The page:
(A) that the worker is “free from the control and direction of the hiring entity in connection with the performance of the work,”

(B) that the worker “performs work that is outside the usual course of the hiring entity’s business,” and

(C) that the worker is “customarily engaged in an independently established trade, occupation, or business.”


In the United Kingdom (UK), the government commissioned the Taylor Review which recommended, inter alia, as follows:

  1. a new right for workers to request a more stable and predictable contract;
  2. From 6 April 2020 the following will come into force:
  3. new right for all workers to a written statement of terms on or before the first day of employment;
  4. a right for agency workers to be provided with a “Key Facts Page”, to include information about the type of contract, the minimum expected rate of pay, how they will be paid and by whom (for example, by an intermediary or umbrella company), any deductions or fees to be made, and an illustrative example of what this might mean for take-home pay;
  5. lowering the threshold required for a request to set up information and consultation arrangements from 10% to 2% of employees (subject to a minimum of 15 employees).

There was also a suggestion that tax treatment of dependent contractors should be aligned with that of employees.

In Uber BV v Aslam[20] the English Court of Appeal, confirmed the Employment Tribunal’s ruling ordering Uber to treat its drivers as employees. The court reasoned that, though the parties expressly describes their relationship as that of ‘partners’ and that no employment relationship is intended, the contract was a sham and inconsistent with the relationship actually created. The Tribunal had, among other things, considered Uber’s recruitment process, control of customer information, Uber’s rating system acting as performance management, setting of fixed fare rates, Uber’s handling of complaints and forced acceptance of bookings to reach the conclusion. This decision has been followed by the French court[21].

For the rest of Europe, in April 2019, the European Parliament approved rules on minimum rights for gig workers, including the right to free training and keeping workers informed about their working condition from the beginning.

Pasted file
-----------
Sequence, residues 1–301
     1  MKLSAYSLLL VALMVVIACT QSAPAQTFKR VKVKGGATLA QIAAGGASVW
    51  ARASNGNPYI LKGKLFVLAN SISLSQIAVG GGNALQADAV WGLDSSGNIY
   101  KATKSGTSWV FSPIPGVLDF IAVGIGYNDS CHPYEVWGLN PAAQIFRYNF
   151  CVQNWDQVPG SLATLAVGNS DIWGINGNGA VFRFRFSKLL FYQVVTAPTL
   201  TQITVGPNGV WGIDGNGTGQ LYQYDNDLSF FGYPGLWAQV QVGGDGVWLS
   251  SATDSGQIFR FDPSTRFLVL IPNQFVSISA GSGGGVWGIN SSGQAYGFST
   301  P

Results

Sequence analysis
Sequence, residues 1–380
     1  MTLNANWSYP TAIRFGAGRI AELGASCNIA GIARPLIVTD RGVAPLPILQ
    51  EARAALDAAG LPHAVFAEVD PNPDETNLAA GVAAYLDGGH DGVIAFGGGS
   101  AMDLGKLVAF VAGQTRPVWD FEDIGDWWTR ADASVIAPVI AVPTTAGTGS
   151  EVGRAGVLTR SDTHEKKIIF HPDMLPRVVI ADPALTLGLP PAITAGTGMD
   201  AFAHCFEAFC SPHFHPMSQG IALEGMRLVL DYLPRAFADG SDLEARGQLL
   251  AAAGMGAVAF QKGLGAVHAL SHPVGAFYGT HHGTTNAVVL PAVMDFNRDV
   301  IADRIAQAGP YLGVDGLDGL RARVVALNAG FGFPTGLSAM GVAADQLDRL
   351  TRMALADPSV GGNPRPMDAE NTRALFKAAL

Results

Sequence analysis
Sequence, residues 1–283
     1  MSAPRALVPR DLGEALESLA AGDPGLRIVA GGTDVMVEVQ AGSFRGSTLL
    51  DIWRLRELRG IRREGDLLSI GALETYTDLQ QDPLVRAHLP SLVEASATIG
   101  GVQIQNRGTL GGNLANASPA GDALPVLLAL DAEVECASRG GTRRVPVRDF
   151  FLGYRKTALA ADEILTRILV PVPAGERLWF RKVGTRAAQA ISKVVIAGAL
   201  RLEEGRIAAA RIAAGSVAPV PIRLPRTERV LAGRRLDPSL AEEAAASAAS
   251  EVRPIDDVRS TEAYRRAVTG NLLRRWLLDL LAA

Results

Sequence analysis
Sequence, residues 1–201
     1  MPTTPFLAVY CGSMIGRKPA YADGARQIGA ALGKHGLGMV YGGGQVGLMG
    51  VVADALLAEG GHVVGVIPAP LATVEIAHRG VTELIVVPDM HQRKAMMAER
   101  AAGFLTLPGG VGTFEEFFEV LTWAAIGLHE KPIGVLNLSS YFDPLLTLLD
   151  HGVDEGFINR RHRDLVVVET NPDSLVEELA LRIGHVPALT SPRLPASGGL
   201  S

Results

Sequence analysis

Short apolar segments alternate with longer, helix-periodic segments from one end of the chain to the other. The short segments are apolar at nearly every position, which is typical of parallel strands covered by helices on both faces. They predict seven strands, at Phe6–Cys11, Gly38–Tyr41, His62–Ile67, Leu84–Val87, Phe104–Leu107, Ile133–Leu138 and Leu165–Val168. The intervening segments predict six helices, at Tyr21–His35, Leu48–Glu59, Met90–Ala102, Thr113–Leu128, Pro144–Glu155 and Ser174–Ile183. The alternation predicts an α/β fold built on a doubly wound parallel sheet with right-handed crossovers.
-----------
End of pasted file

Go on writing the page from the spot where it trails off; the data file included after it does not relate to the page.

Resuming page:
The fate of the gig economy is being put to test in Canada in the case of David Heller v.Uber. The case is a class action case brought by representative plaintiff David Heller, an Uber Eats driver. Heller’s case  on behalf of Ontario Uber drivers, is that they are employees of Uber and entitled to the benefits of the Employment Standards Act, 2000 (ESA). Uber’s responded to the action by requesting a reference to arbitration under the Service Agreement.  Article 15 of the Service Agreement provides that conflicts arising from the Agreement will be resolved by arbitration in Amsterdam under the Rules of Arbitration of the International Chamber of Commerce in accordance with the law of Netherlands.

The Superior Court agreed with Uber but the decision was upturned by the Ontario Court of Appeal. The court reasoned that the arbitration clause was unconscionable at common law because there was huge inequality of bargaining power between Uber and the drivers to the extent that that it would be practically impossible for an individual driver to exercise his right under the arbitration provision. Importantly, the court held that the clause is an illegal contracting out of the ESA and therefore invalid [22]. The question of the invalidity of the arbitration clause matter has now been referred to the Supreme Court of Canada.[23]

On February 25, 2020, the Ontario Labour Relations Board ruled  that Foodora food couriers are dependent contractors, a classification  that gives them the ability to unionize.


In India, the government introduced the Code on Social Security, 2019[24] aimed at protecting gig workers.  The Code refers to gig platforms as ‘aggregator’. The Code does not seek to reclassify gig workers as employees but provides that the Central Government may formulate suitable social security schemes for gig workers and platform workers on matters relating to life and disability cover; health and maternity benefits; old age protection; and any other benefit as may be determined by the Central Government and provide for the role of the aggregators in the scheme.